88. 88. Partial function application var sum = function(a, b) {     return a + b; }; var inc = utils.partial(sum, 1);
  89. 89. Partial function application var sum = function(a, b) {     return a + b; }; var inc = utils.partial(sum, 1); inc(8); //9
  90. 90. Partial function application
  91. 91. Partial function application var times = function(a, b) {     return a * b; }
  92. 92. Partial function application var times = function(a, b) {     return a * b; } var double = utils.partial(times, 2);
  93. 93. Partial function application var times = function(a, b) {     return a * b; } var double = utils.partial(times, 2); double(10); //20
  94. 94. Partial function applicationutils.partial = function(f) {    var sourceArgs = Array.prototype.slice.apply(arguments, [1]);    return function() {        var actualArgs = Array.prototype.concat.apply(sourceArgs, arguments);        return f.apply(null, actualArgs);    };};
  95. 95. Partial function applicationutils.partial = function(f) {    var sourceArgs = Array.prototype.slice.apply(arguments, [1]);    return function() {        var actualArgs = Array.prototype.concat.apply(sourceArgs, arguments);        return f.apply(null, actualArgs);    };}; a h ye * k f *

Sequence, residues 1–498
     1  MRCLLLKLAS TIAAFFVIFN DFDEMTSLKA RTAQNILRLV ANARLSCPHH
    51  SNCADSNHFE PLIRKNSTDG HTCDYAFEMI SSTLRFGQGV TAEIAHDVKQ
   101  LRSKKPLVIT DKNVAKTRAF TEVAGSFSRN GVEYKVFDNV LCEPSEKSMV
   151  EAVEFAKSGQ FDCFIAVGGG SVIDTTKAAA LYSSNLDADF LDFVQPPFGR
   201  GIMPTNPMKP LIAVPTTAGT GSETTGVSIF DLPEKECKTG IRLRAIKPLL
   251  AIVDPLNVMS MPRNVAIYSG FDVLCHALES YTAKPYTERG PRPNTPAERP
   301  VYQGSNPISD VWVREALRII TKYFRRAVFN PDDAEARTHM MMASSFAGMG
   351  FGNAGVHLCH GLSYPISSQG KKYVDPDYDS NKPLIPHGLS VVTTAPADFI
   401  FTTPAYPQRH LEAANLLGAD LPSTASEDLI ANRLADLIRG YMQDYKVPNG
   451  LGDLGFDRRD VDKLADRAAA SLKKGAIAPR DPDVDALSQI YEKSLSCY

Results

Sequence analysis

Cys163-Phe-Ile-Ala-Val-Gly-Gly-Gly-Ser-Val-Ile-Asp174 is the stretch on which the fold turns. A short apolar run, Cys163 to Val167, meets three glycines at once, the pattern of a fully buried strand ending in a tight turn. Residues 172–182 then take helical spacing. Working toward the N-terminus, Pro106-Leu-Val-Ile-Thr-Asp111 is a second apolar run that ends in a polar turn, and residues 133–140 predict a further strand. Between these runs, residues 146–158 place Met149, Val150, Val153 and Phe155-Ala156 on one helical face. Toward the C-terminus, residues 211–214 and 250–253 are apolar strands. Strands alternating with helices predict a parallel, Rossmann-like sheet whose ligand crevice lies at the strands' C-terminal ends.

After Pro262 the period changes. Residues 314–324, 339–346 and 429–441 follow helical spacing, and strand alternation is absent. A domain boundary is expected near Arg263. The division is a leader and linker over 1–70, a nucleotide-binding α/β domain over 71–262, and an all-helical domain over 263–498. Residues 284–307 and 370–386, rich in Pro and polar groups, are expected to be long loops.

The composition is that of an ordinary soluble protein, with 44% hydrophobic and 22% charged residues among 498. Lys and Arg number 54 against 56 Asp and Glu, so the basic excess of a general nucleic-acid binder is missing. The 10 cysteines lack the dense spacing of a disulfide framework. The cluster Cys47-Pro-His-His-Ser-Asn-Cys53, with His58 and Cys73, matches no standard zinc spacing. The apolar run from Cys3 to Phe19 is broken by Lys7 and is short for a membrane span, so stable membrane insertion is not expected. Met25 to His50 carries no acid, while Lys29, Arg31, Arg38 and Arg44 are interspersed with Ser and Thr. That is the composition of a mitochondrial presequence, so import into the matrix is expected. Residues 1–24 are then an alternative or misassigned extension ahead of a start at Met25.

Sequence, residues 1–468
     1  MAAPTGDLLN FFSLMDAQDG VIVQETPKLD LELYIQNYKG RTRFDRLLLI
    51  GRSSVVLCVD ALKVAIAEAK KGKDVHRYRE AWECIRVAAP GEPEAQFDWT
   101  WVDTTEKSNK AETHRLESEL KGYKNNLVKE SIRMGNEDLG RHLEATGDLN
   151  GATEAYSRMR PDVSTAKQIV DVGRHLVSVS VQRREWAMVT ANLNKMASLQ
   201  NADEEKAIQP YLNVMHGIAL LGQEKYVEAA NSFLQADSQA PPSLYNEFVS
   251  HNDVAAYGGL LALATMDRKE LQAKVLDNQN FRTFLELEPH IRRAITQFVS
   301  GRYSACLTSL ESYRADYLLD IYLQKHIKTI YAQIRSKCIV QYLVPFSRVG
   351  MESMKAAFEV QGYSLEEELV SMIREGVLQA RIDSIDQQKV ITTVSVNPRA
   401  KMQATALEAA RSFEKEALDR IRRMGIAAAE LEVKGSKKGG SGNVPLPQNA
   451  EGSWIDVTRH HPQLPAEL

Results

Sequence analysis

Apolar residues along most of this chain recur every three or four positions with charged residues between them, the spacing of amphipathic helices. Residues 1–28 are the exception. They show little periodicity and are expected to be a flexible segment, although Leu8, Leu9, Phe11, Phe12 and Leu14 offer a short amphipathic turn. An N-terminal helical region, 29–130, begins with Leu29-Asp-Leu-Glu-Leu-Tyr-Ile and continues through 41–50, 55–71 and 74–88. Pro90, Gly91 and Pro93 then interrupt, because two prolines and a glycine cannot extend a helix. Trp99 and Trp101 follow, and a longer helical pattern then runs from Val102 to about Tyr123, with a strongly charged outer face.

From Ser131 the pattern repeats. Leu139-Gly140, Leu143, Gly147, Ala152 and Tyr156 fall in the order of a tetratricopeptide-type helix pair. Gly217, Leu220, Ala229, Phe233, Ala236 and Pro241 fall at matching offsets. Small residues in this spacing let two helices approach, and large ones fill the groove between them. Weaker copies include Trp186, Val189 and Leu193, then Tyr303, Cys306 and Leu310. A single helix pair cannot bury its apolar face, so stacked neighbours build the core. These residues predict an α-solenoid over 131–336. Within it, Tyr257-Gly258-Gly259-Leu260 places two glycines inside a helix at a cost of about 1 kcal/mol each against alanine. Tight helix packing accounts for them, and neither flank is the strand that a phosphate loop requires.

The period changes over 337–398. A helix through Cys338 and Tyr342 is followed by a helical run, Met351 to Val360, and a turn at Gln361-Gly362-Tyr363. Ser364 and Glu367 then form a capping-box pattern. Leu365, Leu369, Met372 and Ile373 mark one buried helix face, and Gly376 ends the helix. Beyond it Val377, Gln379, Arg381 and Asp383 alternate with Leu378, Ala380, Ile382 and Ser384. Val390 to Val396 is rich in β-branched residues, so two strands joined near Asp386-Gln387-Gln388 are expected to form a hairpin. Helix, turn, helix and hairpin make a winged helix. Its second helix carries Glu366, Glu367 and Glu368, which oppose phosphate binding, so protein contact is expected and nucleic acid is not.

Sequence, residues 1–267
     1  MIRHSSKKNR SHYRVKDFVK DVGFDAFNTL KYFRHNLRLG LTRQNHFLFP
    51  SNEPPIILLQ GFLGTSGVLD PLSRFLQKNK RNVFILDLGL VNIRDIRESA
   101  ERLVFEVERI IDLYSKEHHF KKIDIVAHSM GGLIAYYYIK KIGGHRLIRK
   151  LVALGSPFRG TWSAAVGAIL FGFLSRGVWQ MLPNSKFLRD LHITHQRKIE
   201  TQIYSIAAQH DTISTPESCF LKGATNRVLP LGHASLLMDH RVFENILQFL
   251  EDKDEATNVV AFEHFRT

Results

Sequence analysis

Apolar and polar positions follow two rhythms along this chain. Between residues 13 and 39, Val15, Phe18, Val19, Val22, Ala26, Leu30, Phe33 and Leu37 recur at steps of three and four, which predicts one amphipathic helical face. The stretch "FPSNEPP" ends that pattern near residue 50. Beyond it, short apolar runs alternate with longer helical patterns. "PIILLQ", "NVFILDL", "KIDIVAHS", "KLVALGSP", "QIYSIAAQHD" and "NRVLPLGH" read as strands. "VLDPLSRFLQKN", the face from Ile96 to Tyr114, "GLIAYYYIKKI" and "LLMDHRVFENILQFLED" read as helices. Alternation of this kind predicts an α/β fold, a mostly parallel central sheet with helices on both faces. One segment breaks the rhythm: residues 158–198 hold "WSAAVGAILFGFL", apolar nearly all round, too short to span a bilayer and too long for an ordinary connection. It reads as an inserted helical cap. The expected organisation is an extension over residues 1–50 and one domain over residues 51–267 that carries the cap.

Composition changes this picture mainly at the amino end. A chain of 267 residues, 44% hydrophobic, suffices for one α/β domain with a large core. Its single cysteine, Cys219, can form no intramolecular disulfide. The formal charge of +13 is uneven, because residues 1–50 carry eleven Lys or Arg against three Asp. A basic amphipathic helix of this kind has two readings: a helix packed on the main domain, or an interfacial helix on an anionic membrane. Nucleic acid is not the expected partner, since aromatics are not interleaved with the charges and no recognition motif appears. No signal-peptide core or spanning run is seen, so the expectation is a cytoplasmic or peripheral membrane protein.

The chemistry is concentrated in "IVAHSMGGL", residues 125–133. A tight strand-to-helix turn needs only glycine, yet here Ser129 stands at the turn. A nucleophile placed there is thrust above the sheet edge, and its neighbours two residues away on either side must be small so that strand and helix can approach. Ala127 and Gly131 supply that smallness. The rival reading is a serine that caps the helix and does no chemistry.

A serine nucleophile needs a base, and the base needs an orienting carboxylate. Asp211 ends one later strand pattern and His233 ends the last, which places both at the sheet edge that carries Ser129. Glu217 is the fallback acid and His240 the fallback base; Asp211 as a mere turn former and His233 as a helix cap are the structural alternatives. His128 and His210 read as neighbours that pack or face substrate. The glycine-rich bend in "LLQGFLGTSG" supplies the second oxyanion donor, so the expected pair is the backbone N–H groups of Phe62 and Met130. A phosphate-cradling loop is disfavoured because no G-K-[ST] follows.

96. 96. Function composition: Reversing a string
  97. 97. Function compositionutils.split = function(str) {    return String.prototype.split.apply(str, [""]);};utils.reverse = function(array) {    return Array.prototype.reverse.apply(array);};utils.join = function(array) {    return Array.prototype.join.apply(array, [""]);};
  98. 98. Function compositionvar reverseStr = utils.comp(utils.split, utils.reverse, utils.join);
  99. 99. Function compositionvar reverseStr = utils.comp(utils.split, utils.reverse, utils.join);reverseStr("leonardo"); //odranoel
  100. 100. Function compositionutils.comp = function() {    var functions = Array.prototype.slice.apply(arguments, [0]);    return function() {        var result = functions.reduce(arguments, function(r, f) {            return [f.apply(null, r)]        });        return result[0];    };};